Example: Leaders of the “blockchain, not Bicoin” trend, Digital Assets and R3 Corda now prefer the word “DLT” (“Distributed Ledger Technology”) over “blockchain”. Aiming to modernize legacy processes, they tailor ledger solutions to systems overdue for an upgrade.
Pros: Distributed ledgers are configured to facilitate self-auditing, compliance requirements and model reconciliation.
Cons: With very few use cases outside of their own corporation, these untried, experimental databases often encounter issues.
8th level: Corporate Databases
Characteristics: Fintech companies today are tapping into blockchain tech in so far as they are using a distributed database among themselves.
Examples: The most famous examples, Visa, MasterCard and PayPal had to build their networks on top of banks’.
Pros: Thanks to extremely fast and consistent service, these companies offer a sense of familiarity.
Cons: Often region-locked, fintech startups exhibit the same limitations in practices and curbed expansion than the banking network they are built upon.
9th level: National Database
Characteristics: Databases similar to the 8th level, albeit on a nation-wide scale.
Example: Central banks and government have databases.
Pros: Centralized services can offer stability in times of economic turmoil.
Cons: In charge of implementing its economic policy, central banks are completely aligned with their government. Best case scenario, central banks become too-big-to-fail entities. Worse case scenario, they follow doubtful directions.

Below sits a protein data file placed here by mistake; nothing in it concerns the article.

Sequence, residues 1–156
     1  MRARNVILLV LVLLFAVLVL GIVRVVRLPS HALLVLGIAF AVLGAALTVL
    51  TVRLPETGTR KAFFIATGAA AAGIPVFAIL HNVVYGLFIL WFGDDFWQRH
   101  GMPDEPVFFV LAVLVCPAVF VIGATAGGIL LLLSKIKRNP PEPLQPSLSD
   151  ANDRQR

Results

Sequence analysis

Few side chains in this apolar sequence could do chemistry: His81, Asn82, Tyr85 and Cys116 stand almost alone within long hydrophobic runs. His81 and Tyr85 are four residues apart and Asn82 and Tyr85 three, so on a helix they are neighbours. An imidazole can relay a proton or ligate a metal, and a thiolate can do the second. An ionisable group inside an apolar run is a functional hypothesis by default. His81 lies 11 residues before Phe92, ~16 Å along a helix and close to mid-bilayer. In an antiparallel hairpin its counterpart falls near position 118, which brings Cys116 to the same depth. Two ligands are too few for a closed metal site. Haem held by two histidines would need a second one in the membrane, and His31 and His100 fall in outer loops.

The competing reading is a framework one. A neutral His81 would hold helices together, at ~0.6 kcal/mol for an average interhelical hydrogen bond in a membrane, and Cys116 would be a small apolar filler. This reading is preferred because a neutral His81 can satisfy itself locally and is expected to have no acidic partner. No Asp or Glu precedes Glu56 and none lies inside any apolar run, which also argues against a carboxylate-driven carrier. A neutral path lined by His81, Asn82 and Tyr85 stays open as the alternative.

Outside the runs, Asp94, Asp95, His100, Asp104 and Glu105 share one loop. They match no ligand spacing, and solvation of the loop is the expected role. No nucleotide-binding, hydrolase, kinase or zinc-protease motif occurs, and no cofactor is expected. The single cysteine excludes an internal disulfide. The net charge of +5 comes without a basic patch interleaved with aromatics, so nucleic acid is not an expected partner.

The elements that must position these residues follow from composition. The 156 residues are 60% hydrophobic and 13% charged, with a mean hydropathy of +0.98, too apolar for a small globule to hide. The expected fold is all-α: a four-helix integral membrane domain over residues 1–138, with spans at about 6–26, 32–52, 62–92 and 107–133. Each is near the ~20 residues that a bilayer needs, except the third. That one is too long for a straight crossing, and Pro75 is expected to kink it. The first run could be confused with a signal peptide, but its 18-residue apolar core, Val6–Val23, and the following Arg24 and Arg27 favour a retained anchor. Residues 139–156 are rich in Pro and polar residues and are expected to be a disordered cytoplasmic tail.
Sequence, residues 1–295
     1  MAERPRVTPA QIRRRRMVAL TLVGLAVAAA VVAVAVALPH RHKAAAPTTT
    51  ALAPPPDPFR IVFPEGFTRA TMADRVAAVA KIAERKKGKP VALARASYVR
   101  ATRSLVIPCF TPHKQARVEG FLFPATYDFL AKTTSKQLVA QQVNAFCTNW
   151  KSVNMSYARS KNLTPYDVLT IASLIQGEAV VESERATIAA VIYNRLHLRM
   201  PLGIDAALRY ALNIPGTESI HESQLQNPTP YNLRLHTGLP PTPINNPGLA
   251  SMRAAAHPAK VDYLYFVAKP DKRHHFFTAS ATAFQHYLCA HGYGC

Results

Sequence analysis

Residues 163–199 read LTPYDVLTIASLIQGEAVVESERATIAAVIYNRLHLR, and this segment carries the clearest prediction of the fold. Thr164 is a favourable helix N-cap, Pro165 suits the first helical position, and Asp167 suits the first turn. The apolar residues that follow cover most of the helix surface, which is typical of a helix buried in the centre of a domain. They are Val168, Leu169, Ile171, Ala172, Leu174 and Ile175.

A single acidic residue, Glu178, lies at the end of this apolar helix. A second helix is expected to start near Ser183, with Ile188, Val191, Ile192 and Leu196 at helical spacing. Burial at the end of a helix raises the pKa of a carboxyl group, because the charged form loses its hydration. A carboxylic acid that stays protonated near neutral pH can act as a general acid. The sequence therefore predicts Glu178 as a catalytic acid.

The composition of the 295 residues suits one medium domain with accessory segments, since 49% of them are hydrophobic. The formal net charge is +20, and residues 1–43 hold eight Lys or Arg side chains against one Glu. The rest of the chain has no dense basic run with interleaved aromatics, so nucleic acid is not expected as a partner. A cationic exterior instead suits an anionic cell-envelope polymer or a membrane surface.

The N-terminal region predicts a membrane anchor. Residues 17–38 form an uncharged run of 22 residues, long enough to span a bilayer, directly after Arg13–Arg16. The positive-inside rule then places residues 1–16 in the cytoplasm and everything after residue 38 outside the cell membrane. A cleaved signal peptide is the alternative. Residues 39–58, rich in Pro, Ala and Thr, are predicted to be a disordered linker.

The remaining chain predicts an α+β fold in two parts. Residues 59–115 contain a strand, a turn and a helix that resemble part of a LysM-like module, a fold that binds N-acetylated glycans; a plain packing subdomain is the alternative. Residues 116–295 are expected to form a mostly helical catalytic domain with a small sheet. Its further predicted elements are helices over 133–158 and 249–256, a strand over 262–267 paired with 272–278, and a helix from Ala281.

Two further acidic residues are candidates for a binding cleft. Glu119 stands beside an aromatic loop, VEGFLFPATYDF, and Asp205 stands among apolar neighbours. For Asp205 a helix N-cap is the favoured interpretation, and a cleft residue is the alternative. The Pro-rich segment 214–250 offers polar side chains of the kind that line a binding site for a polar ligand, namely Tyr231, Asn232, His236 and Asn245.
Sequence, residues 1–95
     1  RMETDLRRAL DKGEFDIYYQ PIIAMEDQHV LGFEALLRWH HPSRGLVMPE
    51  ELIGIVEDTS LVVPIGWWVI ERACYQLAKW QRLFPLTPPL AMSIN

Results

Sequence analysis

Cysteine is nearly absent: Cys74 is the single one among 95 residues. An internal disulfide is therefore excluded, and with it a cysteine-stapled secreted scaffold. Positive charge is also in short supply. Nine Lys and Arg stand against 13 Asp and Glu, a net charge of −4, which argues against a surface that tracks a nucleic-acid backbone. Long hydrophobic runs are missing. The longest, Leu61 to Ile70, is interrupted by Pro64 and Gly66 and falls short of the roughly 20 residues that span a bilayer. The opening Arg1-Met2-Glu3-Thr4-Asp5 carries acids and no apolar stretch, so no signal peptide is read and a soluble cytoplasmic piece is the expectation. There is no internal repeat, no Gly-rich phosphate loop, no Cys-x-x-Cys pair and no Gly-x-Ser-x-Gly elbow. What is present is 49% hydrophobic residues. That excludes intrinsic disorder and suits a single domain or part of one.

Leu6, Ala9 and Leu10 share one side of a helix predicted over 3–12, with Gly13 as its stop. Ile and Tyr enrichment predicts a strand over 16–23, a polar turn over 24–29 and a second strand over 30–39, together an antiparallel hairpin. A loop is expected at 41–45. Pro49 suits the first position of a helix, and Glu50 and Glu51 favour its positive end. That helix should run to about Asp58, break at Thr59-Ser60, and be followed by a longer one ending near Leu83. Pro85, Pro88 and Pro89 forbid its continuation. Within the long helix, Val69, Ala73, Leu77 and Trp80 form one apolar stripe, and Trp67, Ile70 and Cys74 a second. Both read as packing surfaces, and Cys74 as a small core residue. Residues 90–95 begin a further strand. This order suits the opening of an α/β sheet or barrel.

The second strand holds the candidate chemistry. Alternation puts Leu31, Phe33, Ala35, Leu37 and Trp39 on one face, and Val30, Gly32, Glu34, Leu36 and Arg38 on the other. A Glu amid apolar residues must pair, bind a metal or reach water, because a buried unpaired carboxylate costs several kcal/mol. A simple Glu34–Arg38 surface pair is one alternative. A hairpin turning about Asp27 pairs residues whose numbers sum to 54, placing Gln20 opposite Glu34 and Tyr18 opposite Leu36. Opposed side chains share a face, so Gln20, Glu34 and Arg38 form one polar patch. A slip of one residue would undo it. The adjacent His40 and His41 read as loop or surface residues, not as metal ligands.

There you have it, folks! Slews of blockchain have tried — and failed — to emulate Bitcoin’s beginnings. Over and over, alternative blockchains turn into money pits, sunk costs racking up to keep the chain alive.
Private chains, just like the private intranets of the early 2000s, are likely to fade out in favor of global, public counterparts. While small transactions will likely be carried out via banking networks for the foreseeable future, maybe a few chains — Ethereum? — could reach escape velocity from central planning.
A true blockchain is an autonomous one. Once born, it requires minimum human input to keep the blocks flowing. Our 9 Shades of Blockchains show that while a ton of tech falls under the designation today, there is only one true blockchain. However advanced, other blockchains are merely attempts to replicate the singularity of the original blockchain.
Try after try, it is dawning that recreating the Bitcoin blockchain is like trying to recreate the big bang. It only happens once.